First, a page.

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I would like to compress a large array of doubles containing a time-series of measurements.

I know that the measurements have been in base-10, but I do not know the precision in advance.

Can I use this fact to improve the compression ratio? FPC does not seem to work particularly well on my data set.

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What is “FCP”? There does not seem to be any obvious match with the dozen expansions at en.wikipedia.org/wiki/FCP – Pascal Cuoq Mar 31 '14 at 12:32
    
@PascalCuoq: Sorry. It should have been FPC. I have added a link. – Rasmus Faber Mar 31 '14 at 12:43

Knowing that a double was parsed from a decimal representation with a given precision indeed provides information: for precision 3, it allows 1.0500000000000000444089209850062616169452667236328125, the double nearest to 1.05, and excludes many nearby doubles, which do not have the property of being nearest to any decimal representation with 3 significant digits.

The regularity of such sequences of doubles seems difficult for a general-purpose compressor to detect: it can only be noticed by looking at consecutive 64-bit slices of data. Even so, no value may ever repeat. Instead, the fact to notice is that all present doubles are evenly-spaced on intervals of the shape [10n … 10n+1). It would take a smart general-purpose compressor to notice this and take advantage of it.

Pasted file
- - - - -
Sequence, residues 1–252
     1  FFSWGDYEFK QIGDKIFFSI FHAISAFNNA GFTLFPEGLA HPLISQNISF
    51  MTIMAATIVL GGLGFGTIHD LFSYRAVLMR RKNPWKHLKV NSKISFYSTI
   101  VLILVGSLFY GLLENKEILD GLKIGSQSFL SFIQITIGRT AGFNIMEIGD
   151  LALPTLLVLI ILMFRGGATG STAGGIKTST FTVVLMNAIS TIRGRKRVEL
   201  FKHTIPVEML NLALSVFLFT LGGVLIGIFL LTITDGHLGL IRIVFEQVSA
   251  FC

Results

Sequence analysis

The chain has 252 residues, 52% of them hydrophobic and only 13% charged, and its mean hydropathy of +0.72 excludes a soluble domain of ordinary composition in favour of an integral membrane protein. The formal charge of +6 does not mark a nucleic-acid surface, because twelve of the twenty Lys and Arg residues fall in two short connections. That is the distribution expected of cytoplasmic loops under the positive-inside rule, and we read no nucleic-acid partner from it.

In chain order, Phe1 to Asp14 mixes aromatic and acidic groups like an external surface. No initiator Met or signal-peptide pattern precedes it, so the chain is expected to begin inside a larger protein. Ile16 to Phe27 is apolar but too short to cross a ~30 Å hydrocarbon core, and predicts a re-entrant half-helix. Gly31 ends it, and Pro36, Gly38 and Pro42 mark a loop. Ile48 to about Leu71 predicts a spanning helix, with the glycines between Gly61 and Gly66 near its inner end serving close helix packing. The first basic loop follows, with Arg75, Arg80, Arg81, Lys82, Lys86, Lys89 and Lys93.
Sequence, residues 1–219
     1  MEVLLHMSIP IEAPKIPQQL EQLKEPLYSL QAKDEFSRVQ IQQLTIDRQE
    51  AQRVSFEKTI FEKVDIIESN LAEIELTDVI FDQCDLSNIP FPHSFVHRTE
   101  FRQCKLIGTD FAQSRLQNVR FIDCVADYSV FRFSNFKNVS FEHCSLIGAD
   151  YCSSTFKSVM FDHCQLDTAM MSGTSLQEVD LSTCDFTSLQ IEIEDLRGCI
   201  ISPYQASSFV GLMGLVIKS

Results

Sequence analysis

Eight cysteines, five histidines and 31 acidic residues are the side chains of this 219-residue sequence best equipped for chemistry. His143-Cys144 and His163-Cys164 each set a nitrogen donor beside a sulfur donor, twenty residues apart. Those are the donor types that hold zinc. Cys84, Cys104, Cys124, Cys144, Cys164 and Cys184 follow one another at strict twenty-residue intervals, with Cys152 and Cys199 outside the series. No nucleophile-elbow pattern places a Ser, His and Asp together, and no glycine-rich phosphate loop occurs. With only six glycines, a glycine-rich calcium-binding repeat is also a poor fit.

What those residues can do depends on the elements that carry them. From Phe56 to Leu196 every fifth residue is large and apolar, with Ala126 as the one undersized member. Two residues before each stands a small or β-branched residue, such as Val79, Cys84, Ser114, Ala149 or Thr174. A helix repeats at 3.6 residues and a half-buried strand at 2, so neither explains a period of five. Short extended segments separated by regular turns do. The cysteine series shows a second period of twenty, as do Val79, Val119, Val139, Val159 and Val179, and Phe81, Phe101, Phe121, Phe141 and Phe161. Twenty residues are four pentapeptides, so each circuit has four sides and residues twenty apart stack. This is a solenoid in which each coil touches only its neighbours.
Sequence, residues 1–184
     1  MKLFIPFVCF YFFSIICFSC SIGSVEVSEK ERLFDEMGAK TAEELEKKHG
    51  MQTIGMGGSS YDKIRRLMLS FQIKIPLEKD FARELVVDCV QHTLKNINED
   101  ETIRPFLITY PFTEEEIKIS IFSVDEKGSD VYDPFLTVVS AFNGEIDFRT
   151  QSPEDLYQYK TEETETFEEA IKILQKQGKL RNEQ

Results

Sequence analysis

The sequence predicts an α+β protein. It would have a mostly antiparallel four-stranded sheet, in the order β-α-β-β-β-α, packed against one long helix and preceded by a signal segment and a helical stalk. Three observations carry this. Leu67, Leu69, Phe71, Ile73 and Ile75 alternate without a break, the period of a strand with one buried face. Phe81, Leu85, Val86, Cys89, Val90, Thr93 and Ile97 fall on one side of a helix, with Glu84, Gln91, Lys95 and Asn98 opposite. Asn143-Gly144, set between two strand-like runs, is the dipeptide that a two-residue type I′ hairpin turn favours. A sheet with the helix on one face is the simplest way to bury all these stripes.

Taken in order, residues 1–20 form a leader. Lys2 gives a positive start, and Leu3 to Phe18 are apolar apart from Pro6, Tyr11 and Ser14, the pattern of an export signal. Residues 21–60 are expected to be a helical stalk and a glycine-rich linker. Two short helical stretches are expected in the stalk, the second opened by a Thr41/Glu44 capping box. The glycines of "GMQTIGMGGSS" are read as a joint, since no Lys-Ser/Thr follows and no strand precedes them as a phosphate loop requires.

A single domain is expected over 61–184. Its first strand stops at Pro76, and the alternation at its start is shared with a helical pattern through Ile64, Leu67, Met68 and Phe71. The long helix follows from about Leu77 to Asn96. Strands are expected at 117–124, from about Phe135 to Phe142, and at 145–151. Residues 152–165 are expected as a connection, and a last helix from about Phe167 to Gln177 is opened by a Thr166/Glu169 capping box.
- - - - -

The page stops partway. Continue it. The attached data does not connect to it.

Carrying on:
You may obtain better compression with traditional string-oriented compression algorithms by expanding the doubles to their decimal representation, with the number of significant digits applicable at run-time. Since you say that the double numbers were obtained from a decimal representation, this transformation should be lossless unless the number of significant decimal digits is more than 15 or so.

This is undoubtedly awkward, and the ideal solution would be if you could use a specialized compression algorithm that would be effective without such costly pre-formating.

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For each number, first return zero if it's zero. Otherwise take the absolute value and divide by ten raised to the floor of the log base ten of the number. That will give you the mantissa in base ten, a number in [1,10).

Now convert the mantissa to 17 decimal digits. For digits from one to 17, take that many of the decimal digits and convert those back to a double (with a decimal point in the correct place). Subtract the original mantissa. When that returns something with absolute value less than 2-47, then you stop. digits is the number of decimal digits.

Now you can code the decimal mantissa and exponent as integers with, hopefully, less bits than the original double. You can use a few bits provide the number of bits in the integers.

I don't know how much this will help with your data. Since you mentioned that this is a time series of measurements, you could also pre-process the data by subtracting successive values after the first one, which might have fewer digits in the differences if the signal is relatively continuous and not changing too rapidly.

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